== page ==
Republicans are failing to move as quickly as promised to unwind the Affordable Care Act, and they’re looking to Rep. Tom Price’s confirmation as their chance to create some breathing space.
From cutting off free birth control for women to tightening the eligibility rules for midyear health insurance enrollees, Price – once confirmed as secretary of health and human services – will be able to tinker around the edges of the 2010 law. And that gives Republican lawmakers a bit more time to find consensus on their repeal-and-replace effort.
“I think we have to show measurable progress,” said Sen. John Thune, R-S.D. “And one of those really key things is getting Tom Price confirmed.”
Once confirmed, Tom Price also would be able to repeal one of the law’s most controversial initiatives: free birth control for women.
The Senate is expected to vote early Friday morning on Price’s confirmation despite calls by Senate Democrats to postpone the vote until questions about stock trades he made as a member of Congress are investigated.
Democrats planned to stage protests into the night, highlighting their request that the Securities and Exchange Commission look into whether the Georgia congressman had engaged in insider trading when he purchased stock in a company that stood to gain from legislation.
“What’s the Republican response?” asked Senate Minority Leader Chuck Schumer, D-N.Y. “Rush Price through. Don’t try to make sure that everything is totally on the up and up. . . . It’s like ethics is out the window.”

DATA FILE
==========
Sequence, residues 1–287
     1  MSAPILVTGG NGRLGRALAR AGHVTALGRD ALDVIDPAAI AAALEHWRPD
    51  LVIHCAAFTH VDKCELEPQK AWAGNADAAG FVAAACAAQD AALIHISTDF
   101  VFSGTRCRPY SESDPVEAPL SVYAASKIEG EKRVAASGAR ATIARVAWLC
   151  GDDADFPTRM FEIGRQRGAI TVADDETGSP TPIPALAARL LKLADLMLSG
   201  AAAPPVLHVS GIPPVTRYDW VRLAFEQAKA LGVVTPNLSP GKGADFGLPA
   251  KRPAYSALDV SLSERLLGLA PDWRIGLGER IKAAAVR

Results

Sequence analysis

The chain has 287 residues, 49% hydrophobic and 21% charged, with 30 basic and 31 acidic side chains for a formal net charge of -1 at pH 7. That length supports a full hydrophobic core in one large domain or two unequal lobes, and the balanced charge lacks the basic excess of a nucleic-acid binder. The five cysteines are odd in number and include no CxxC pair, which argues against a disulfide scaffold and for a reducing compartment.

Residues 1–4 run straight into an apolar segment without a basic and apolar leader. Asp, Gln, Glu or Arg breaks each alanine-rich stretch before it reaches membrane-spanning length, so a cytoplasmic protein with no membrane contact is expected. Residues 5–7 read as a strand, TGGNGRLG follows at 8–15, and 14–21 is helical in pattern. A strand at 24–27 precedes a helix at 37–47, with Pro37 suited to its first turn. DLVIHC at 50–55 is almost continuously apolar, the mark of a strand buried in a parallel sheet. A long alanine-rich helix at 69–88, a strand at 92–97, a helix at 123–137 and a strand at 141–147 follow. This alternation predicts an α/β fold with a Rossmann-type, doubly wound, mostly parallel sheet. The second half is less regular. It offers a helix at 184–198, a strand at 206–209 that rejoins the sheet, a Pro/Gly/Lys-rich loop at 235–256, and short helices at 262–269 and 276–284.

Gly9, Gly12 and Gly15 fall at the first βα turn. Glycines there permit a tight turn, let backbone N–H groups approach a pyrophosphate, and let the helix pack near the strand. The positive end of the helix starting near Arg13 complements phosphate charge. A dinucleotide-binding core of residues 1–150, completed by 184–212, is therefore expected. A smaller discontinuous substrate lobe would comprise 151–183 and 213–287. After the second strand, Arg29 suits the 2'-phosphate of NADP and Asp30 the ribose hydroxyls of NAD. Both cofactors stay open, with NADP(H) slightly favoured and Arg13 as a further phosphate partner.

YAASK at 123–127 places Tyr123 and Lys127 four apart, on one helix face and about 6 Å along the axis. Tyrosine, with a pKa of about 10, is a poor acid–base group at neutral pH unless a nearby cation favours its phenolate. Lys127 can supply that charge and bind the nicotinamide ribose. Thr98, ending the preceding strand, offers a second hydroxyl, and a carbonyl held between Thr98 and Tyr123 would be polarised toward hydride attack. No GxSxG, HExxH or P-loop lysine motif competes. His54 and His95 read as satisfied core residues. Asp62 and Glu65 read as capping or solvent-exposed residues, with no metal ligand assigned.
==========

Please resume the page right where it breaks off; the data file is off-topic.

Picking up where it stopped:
The conservative group America Rising Squared accused Democrats of looking to smear Price in an effort to stall a repeal of the Affordable Care Act. Senate Republicans showed little interest in slowing Price’s nomination.
Besieged by angry activists at town hall meetings in their districts and facing criticism from conservatives who want a speedy repeal, Republicans say that with Price at the helm of the department, they can proceed faster.
It’s incumbent upon Congress to act and say, ‘This is the plan,’ and then look at how a new HHS secretary might help with that process, not the other way around.
Rep. Mark Meadows, R-N.C., chairman of the House Freedom Caucus
“Having a voice in the administration that’s on top of this issue every single day and talking about health care and what the administration’s position is on a consistent basis is critically important,” said Rep. Pat Tiberi, R-Ohio, the House Ways and Means Health Subcommittee chairman, who has been described by House Speaker Paul Ryan, R-Wis., as the chamber’s “quarterback” on efforts to repeal the law.
Republicans have been at a disadvantage without Price in place, Tiberi said.
“It’s hard to do the fine points on what the administration can do and what Congress can do,” Tiberi said. “He hasn’t been able to talk to us about it since he’s been nominated, so it makes it even more challenging. It will be helpful to know what they can and can’t do and what they are going to do, and then have a dialogue on what the administration’s position is.”
Yet Republicans who want Congress to move faster downplayed Price’s importance, saying lawmakers need to write the legislation.
“It’s incumbent upon Congress to act and say ‘This is the plan’ and then look at how a new HHS secretary might help with that process, not the other way around,” said Rep. Mark Meadows, R-N.C., the chairman of the conservative House Freedom Caucus, who has pressed his colleagues to move quickly and adopt a repeal bill that both chambers passed in 2015.
Putting the administration in the driver’s seat, Meadows cautioned, “really perverts our constitutional role.”